). However, under the conditions employed in our experiments, incubation of BMCMCs with IgE at 5.0 μg/ml for 4 d clearly markedly enhanced the ability of these cells to release IL-4 in response to challenge with IgE and specific antigen.
Taken together, our observations identify a novel and potentially important mechanism for enhancing both the sensitivity and intensity of IgE-dependent immune responses. Indeed, because IL-4 can markedly enhance the generation of IgE responses in mice (30
), it is even possible that IgE-dependent upregulation of FcεRI expression by mouse mast cells, and subsequent enhancement of IgE- and antigen-dependent mast cell IL-4 production, may constitute a previously unrecognized positive feedback loop in the expression of IgE-dependent immune responses.
While the regulation of IgE production is complex, potentially involving multiple genetic and environmental factors, serum levels of IgE typically are greatly increased during parasite infections and are also elevated in most patients with allergic diseases (38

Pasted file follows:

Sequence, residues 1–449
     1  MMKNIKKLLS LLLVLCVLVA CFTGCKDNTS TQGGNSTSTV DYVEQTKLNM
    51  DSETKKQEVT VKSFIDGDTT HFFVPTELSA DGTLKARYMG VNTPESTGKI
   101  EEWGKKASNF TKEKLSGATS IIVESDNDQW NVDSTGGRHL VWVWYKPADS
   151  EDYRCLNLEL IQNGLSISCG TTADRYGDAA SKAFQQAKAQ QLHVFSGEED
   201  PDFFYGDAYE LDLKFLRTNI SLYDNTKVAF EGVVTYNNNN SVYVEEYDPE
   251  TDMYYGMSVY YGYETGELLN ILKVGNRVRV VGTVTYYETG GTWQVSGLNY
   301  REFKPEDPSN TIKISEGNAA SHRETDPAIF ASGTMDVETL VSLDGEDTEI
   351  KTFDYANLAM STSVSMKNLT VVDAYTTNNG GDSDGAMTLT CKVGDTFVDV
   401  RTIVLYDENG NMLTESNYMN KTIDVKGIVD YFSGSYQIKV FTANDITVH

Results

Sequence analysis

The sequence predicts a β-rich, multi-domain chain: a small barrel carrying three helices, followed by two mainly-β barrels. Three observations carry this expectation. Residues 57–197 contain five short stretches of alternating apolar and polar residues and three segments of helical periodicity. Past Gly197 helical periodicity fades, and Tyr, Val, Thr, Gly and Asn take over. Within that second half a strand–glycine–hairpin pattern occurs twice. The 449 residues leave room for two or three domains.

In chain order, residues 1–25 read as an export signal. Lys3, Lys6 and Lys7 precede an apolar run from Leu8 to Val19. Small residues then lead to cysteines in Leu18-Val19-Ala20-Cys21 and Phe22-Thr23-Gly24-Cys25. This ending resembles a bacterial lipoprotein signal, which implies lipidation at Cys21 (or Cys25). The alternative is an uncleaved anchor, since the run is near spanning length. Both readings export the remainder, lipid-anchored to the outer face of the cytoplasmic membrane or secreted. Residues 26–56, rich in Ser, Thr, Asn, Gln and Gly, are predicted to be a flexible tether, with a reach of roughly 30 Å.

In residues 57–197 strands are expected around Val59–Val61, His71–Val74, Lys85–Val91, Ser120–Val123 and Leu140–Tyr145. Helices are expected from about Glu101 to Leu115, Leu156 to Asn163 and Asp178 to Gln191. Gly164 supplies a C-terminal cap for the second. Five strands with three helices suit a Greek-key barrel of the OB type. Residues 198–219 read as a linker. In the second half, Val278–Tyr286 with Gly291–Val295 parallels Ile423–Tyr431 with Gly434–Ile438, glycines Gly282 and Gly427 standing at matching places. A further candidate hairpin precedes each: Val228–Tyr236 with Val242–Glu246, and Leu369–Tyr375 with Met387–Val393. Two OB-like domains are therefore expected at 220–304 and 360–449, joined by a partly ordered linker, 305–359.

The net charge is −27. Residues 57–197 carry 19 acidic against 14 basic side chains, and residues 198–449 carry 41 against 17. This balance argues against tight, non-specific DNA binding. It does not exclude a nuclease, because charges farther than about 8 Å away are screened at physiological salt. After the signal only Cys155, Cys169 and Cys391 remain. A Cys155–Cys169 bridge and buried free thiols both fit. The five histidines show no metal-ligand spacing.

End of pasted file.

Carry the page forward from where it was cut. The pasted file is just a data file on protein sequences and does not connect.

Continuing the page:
). Our findings suggest that any mechanism that results in the substantial elevation of IgE levels may also result in significantly enhanced IgE-dependent effector cell function. Furthermore, no matter what may be the precise minimum number of cross-linked FcεRI that are required to trigger mast cell or basophil mediator release (43
), cells that express increased numbers of FcεRI on their surface can be sensitized adequately with larger numbers of different IgE species of distinct antigen specificities. Thus, increased expression of FcεRI by mast cells would also permit each cell to be simultaneously sensitized to respond to a larger number of different antigens.
In the context of acquired immune responses to parasites, IgE-dependent enhancement of mast cell FcεRI expression would be expected to benefit the host. Unfortunately, the same mechanisms might also increase the severity of allergic diseases. Our preliminary experiments indicate that IgE can also increase surface expression of FcεRI on in vitro-derived human mast cells (45
). Accordingly, it will be of great interest to assess to what extent IgE-dependent upregulation of FcεRI expression, as here identified in mouse mast cells, also occurs in human FcεRI+
cells, and, if so, to determine whether the ability of IgE to regulate FcεRI can be exploited therapeutically in the management of allergic disorders.